Pay is a critical factor to consider as you pursue federal employment. While government pay may not compare with what some companies may offer, many government jobs offer a competitive salary with rapid promotion potential as well as benefits.
Federal employees are compensated according to government-regulated pay scales. More than 70 percent of federal employees are paid according to the most common pay scale, the General Schedule (GS), but there are a variety of alternative pay schedules as well.
The General Schedule (GS) is the predominant pay scale for federal employees, especially employees in professional, technical, administrative or clerical positions. The system consists of 15 grades, from GS-1, the lowest level, to GS-15, the highest level. There are also 10 steps within each grade. The grade level assigned to a position determines the pay level for that job.
GS-3 or GS-4: Typically internships or student jobs
GS-5 to GS-7: Most entry-level positions
GS-8 to GS-12: Mid-level positions
GS-13 to GS-15: Top-level supervisory positions
Positions beyond GS-15 are part of the Senior Executive Service
Agencies can advertise and fill jobs at whatever grade level they think appropriate. You can use your experience and education to qualify for a higher grade, whether or not you’ve worked in the government before. Once you are hired, you’ll receive a raise every time you are promoted across steps and grades. Federal employees often move up one step per year.
Some positions are labeled ‘career ladder’ positions. In such a position the employee is eligible for promotion to a higher grade without applying for a new position. For example, a GS-5/7/9 career ladder enables a recent graduate to move from a GS-5 to a GS-7 to a GS-9 without switching jobs in as little as three years! To find out the grade and promotion potential for a particular job, check out the overview section of the job announcement.
Salaries under the GS system have two parts: base pay and a locality pay adjustment. The GS base pay is adjusted to accommodate of the cost of living in various geographical locations. In other words, a GS-7 biologist in San Francisco makes more money than a GS-7 biologist in Atlanta, because the cost of living in San Francisco is higher than the cost of living in Atlanta.
Additionally, pay rates outside of the continental United States are generally 10 to 25 percent higher. That’s because the government also offers certain employees a Cost of Living Allowance (COLA). If you live and work in Alaska or Hawaii or in the U.S. territories, then the government will give you a COLA to offset the high cost of living.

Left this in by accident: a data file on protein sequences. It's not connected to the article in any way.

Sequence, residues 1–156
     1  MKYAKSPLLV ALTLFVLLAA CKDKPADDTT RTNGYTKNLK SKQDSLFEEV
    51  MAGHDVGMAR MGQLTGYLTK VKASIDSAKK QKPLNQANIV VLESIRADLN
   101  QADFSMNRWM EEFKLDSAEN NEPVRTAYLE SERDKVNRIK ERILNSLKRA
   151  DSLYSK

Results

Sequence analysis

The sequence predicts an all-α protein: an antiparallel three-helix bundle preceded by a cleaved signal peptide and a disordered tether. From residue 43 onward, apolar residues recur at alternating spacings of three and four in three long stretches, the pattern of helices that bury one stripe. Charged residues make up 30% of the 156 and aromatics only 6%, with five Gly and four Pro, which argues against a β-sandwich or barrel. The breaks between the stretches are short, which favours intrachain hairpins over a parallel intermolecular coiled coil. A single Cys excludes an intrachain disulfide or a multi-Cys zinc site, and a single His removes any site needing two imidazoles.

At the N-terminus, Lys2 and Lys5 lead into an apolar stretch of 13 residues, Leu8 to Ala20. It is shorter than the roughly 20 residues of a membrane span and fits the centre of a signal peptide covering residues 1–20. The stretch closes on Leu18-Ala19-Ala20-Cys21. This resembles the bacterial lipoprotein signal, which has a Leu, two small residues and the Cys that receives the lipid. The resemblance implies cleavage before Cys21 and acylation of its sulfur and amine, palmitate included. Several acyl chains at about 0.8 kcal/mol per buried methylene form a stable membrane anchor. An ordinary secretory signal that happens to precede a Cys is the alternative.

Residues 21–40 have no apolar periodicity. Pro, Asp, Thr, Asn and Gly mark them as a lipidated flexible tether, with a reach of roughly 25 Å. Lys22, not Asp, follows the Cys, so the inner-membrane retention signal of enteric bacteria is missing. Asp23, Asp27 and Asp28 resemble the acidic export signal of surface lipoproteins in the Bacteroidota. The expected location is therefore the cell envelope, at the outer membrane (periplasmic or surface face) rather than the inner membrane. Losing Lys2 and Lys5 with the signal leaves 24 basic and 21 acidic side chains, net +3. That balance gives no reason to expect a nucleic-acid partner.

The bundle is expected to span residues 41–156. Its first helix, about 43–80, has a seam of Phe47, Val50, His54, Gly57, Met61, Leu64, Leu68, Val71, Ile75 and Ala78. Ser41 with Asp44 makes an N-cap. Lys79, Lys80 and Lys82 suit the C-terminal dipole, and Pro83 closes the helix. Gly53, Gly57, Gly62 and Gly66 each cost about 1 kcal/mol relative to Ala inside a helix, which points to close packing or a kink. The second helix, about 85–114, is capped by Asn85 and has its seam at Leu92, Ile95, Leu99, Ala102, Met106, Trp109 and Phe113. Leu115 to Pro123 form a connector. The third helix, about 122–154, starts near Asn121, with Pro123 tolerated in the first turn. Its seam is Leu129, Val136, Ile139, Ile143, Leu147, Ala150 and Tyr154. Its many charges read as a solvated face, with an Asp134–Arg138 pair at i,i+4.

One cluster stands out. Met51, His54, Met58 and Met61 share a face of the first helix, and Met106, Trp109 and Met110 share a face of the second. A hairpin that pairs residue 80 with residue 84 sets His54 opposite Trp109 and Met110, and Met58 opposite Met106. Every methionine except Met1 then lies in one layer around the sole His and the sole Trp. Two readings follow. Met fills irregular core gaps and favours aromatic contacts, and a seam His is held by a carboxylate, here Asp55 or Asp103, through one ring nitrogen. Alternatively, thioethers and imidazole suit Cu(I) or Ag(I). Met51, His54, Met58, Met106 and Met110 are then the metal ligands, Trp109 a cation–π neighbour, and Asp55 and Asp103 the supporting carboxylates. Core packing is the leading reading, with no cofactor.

While most government agencies use the GS pay scale, more than 40 agencies or agency subcomponents use different pay schedules.
Some agencies use special rates within the GS system. The federal government establishes higher rates of base pay special rates for some jobs in order to recruit and retain top talent for hard-to-fill positions, especially in the scientific, technical, and medical fields. Examples of agencies with special rates include the National Aeronautics and Space Administration (NASA), the Environmental Protection Agency (EPA), and the Internal Revenue Service (IRS).
Other agencies and positions use alternative pay schedules. Some notable examples include the Federal Wage System, the Foreign Service, and the Senior Executive Service.
Many alternative pay schedules are pay banded systems, which combine some of the grades from the GS scale into a wider cluster, or “band,” of grades. Instead of 15 different grades, there are only a few salary ranges in a pay banded system. Moving across pay bands is usually based on a “pay for performance” model, in which promotions are closely tied to your supervisor’s appraisal of your work.
Remember that the best way to figure out the pay plan and salary for a given job is to look at the job announcement.
Just like the GS system, all alternative pay schedules have their own code. Many jobs that use a different pay plan also list the GS equivalent on the job vacancy announcement.